David said...As often is the case, we are overanalyzing the simple absence of home training and good manners.
The notion that women won't interrupt is a riot. Some of the best interrupters I've ever known have been women. Some interrupt out of anxiety. Some out of assertiveness. Men are similar.
It's interesting how different men and women can be in same sex groups. Three men having a conversation will riff off of each other, but generally will let the other make a point and then respond. Perhaps this comes from men's more pervasive experience in the commercial world. Women with commercial experience tend to act as the men do.
On the other hand, I have frequently seen groups of three or four women all talking at once. Not just for a moment or two but for the entire conversation. They may even be saying essentially the same thing. The amazing thing is, they actually seem to understand each other through all this.
The above assume two factors: (1) sobriety and (2) roughly equal social status. Remove either of those, especially the sobriety, and all bets are off.
(Personal observations only. No scientific rigor claimed. But I have been observing for a long time.}
3/31/15, 9:03 AM
But I like David's point. The occasional research I read about language dynamics and interruptions often are small sample sizes, artificial circumstances and small effect sizes when they show effects at all.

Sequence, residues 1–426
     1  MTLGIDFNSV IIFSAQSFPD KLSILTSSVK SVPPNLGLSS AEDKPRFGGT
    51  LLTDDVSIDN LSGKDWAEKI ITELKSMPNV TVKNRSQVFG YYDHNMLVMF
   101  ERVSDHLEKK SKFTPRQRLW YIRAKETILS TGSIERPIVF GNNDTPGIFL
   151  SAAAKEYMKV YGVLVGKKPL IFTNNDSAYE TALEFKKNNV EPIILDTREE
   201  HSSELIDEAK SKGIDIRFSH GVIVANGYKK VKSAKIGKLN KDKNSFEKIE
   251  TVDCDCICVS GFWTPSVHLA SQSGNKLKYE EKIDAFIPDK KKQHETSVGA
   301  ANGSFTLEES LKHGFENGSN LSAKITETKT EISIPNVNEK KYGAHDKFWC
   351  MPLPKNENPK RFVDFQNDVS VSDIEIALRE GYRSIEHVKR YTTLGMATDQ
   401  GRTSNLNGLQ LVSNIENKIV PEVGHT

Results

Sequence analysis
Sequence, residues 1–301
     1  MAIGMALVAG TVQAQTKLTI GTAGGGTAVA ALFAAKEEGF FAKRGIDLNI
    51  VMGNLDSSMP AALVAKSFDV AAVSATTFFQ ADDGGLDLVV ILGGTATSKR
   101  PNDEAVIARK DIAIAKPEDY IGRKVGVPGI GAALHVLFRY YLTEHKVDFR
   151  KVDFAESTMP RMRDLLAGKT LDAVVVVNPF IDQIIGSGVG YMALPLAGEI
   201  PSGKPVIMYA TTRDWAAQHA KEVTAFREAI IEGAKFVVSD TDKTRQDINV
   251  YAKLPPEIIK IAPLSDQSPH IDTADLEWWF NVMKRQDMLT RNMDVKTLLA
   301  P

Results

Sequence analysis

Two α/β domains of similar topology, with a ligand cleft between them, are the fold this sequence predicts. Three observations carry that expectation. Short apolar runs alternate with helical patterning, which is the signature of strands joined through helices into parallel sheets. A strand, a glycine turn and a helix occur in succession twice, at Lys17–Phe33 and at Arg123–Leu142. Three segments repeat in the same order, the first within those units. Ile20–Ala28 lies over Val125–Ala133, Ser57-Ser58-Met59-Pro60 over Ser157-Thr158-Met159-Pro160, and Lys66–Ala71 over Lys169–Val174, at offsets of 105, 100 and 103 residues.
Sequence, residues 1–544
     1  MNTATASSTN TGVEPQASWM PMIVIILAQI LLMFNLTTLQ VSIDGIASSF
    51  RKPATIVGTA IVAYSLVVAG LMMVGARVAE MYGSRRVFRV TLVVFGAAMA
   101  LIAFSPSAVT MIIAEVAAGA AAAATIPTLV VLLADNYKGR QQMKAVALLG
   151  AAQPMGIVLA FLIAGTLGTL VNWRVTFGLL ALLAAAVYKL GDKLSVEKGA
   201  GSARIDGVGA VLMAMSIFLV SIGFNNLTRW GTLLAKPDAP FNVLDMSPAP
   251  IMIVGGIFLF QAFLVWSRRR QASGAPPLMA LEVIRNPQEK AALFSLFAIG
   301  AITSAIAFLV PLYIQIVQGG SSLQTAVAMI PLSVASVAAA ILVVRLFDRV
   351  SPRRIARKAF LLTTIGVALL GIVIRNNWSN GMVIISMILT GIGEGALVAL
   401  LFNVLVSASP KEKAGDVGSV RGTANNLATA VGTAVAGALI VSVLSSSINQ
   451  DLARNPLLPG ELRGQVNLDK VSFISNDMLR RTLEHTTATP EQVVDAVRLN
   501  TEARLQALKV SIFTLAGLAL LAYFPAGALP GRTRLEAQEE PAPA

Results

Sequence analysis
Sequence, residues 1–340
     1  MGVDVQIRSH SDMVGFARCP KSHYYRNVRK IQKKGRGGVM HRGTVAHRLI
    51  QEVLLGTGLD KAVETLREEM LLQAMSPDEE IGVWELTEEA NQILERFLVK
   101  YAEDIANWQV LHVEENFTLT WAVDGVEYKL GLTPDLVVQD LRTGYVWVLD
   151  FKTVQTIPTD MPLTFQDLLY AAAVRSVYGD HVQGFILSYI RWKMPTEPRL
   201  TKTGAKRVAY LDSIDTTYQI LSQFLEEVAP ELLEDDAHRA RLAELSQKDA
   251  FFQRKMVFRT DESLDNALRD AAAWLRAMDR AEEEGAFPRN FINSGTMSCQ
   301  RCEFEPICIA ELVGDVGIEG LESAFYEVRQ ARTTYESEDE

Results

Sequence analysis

From New Republic last year, Women Get Interrupted More—Even By Other Women by Alice Robb.
Reporting on this particular study, Robb observes:
In contrast with previous research, Hancock and Rubin didn’t find any significant differences in the way men and women spoke—but they did find that having male or female conversation partners elicited different results. “When speaking with a female, participants interrupted more and used more dependent clauses than when speaking with a male,” they wrote. Over the course of each three-minute conversation, women, on average, interrupted men just once, but interrupted other women 2.8 times. Men interrupted their male conversation partner twice, on average, and interrupted the woman 2.6 times.Amusing finding but, as with most other such studies, of negligible value. Small sample size, artificial conditions, small effect size.
To get at the core claim which gender interrupts which gender more often and under what conditions, you would have to have much larger sample sizes across a much broader range of circumstances - in a business environment peer to peer, in a business environment in a conference meeting, in social circumstances, in mutual team tasks, in a domestic setting, etc.
Were we to do such a study, I suspect that A) the effect size is truly quite small and B) the findings will likely be nuanced and to some degree, unexpected.
But back to David's point. Men (when sober) in both social environments, and in business environments, will often engage in what might be called additive conversations. One starts a point, another interrupts and refines or adds to it, then a third will interrupt before the point is closed and either partially refute an earlier argument or add yet further to the core point. In social environments, particularly humorous ones, there is also a lot of interrupting for humorous effect. In other words, there is often a lot of interruption but it is different from interruptions that are intended to block a point or take over a conversation.
That's a pretty sophisticated nuance that I rarely see addressed in the study designs.